New York's Newest Neighborhood Is Moving Full-Speed Ahead
Hudson Yards is transforming into one of the premiere destinations in New York City – and just might reinvigorate the city’s brick and mortar retail ecosystem in the process.
The $20 billion, 28-acre development will bring more than 100 shops, five state-of-the-art office towers and an estimated 65,000 visitors a day to Manhattan’s West Side on some of the last undeveloped land on the island. All of this is expected to drive an estimated $3 billion in sales per year (and that’s before taking into account what will trickle down to businesses in Chelsea, SoHo and the surrounding areas).
“We’re delivering a project here that’s going to enhance what’s already here,” says Kenneth Himmel, the president and Chief Executive Officer of Related Urban, the site’s developer. “It’s a complimentary statement.”
Himmel says the space will have something for everyone: Exceptional cuisine and shopping will abut 14 acres of open public space and a Culture Shed that will accommodate large-scale cultural programming year-round, including Fashion Week, awards shows, art exhibitions and more. All of this is part of Phase I of the project, slated to be completed incrementally over the next three years.
“We’re really going to become a destination,” Himmel says. “The magic of what’s happening here is it’s got the best of all of the qualities that make a great downtown or a great destination project work … it takes the right retailers, the right restaurants, every part of this needs to come together the right way.”
Himmel ensures the “hand-crafted” nature of everything — from the dining stalls in the Kitchens to the last retailer in the Shops – will lend an aura of exclusivity and sophistication to the project. He’s hoping that will make consumers come back again and again.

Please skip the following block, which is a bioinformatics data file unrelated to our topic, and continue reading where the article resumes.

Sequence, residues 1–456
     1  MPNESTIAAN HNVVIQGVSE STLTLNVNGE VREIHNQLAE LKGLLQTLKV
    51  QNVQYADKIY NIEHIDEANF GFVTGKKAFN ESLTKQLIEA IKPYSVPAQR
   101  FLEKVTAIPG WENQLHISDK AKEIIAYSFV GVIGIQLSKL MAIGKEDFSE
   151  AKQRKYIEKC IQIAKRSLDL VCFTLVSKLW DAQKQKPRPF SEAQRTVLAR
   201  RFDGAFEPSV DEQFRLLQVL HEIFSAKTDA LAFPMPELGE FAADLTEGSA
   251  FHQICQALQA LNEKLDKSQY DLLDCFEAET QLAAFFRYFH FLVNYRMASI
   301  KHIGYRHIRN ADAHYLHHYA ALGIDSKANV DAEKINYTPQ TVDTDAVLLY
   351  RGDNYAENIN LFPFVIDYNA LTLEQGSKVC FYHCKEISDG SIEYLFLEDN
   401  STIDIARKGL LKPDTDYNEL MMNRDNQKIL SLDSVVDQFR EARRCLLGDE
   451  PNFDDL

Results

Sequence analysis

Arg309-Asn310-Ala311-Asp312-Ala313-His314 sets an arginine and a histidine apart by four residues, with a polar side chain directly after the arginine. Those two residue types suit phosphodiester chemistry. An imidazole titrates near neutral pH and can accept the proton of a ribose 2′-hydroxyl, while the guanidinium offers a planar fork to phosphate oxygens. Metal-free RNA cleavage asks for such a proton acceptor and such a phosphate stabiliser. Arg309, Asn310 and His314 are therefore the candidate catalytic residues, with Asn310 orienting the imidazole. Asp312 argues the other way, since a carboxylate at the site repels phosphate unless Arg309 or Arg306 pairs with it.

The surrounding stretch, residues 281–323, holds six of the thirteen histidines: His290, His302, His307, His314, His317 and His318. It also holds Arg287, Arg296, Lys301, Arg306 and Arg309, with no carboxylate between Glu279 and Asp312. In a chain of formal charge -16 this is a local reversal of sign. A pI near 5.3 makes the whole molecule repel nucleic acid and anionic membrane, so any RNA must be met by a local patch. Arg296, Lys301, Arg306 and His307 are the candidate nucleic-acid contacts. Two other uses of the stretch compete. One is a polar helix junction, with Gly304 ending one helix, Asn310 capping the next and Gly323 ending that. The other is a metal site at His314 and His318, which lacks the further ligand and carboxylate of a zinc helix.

The restaurants — which will include brasseries and cafes — are especially important for Himmel to get right. “If you look at the people we’re talking to about coming to Hudson Yards, it’s a curation of all of the best of New York,” Himmel says, though he can’t delve into specifics because no restaurant has officially signed on yet. “It’s about the whole social engagement and the experience of treating both shopping and eating as a special experience.”
With average household income in the surrounding neighborhood expected to surpass $130,000 by 2019 and New York City and State investing more than $4 billion into projects nearby (in the form of mass transit, parks and cultural venues), Hudson Yards is certainly poised to be a destination for shoppers from around the world, as well as for New Yorkers in need of a weeknight out or weekend adventure.
Neiman Marcus will anchor the Shops (with the “penthouse” location, floors 5 through 7), and another 150 retailers are also making their home there. Hotels, businesses — including Coach, TimeWarner, L’Oreal and SAP — add to the project’s estimated 40,000 workers.
Hudson Yards also sits in the middle of an impressive span of public green space. The newest section of the High Line wraps around the project (and deposits park-goers directly onto 10 Hudson Yards), while the new Hudson Park & Boulevard — which spans from West 33rd Street to Times Square, between 10th and 11th Avenues — connects directly to the 7 subway line beneath the development.
And if old-fashioned adventure is what you seek, an all-glass public observation deck suspended 1,250 feet above the street will be New York’s tallest open-air viewing platform.
“That’s what this project does,” he says. “It completes a whole story.”